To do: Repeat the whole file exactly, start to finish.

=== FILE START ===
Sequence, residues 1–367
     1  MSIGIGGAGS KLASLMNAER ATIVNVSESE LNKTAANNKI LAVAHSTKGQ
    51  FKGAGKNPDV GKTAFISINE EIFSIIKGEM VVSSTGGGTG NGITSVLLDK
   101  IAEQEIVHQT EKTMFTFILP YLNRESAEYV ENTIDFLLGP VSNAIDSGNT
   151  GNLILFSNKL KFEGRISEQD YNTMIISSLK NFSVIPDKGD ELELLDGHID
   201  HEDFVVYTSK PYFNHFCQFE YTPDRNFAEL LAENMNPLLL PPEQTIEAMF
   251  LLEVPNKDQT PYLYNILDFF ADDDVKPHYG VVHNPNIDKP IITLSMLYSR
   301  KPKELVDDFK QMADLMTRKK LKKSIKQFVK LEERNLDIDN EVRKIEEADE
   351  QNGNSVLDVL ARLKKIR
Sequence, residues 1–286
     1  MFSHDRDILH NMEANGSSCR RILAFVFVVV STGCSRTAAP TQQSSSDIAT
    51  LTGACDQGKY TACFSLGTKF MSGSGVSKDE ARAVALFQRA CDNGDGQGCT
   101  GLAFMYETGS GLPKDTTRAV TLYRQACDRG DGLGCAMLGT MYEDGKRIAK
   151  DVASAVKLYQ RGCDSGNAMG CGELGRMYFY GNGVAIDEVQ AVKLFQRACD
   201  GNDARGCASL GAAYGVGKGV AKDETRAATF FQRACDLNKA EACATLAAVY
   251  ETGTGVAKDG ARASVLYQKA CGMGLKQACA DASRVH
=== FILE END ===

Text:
Sequence, residues 1–367
     1  MSIGIGGAGS KLASLMNAER ATIVNVSESE LNKTAANNKI LAVAHSTKGQ
    51  FKGAGKNPDV GKTAFISINE EIFSIIKGEM VVSSTGGGTG NGITSVLLDK
   101  IAEQEIVHQT EKTMFTFILP YLNRESAEYV ENTIDFLLGP VSNAIDSGNT
   151  GNLILFSNKL KFEGRISEQD YNTMIISSLK NFSVIPDKGD ELELLDGHID
   201  HEDFVVYTSK PYFNHFCQFE YTPDRNFAEL LAENMNPLLL PPEQTIEAMF
   251  LLEVPNKDQT PYLYNILDFF ADDDVKPHYG VVHNPNIDKP IITLSMLYSR
   301  KPKELVDDFK QMADLMTRKK LKKSIKQFVK LEERNLDIDN EVRKIEEADE
   351  QNGNSVLDVL ARLKKIR
Sequence, residues 1–286
     1  MFSHDRDILH NMEANGSSCR RILAFVFVVV STGCSRTAAP TQQSSSDIAT
    51  LTGACDQGKY TACFSLGTKF MSGSGVSKDE ARAVALFQRA CDNGDGQGCT
   101  GLAFMYETGS GLPKDTTRAV TLYRQACDRG DGLGCAMLGT MYEDGKRIAK
   151  DVASAVKLYQ RGCDSGNAMG CGELGRMYFY GNGVAIDEVQ AVKLFQRACD
   201  GNDARGCASL GAAYGVGKGV AKDETRAATF FQRACDLNKA EACATLAAVY
   251  ETGTGVAKDG ARASVLYQKA CGMGLKQACA DASRVH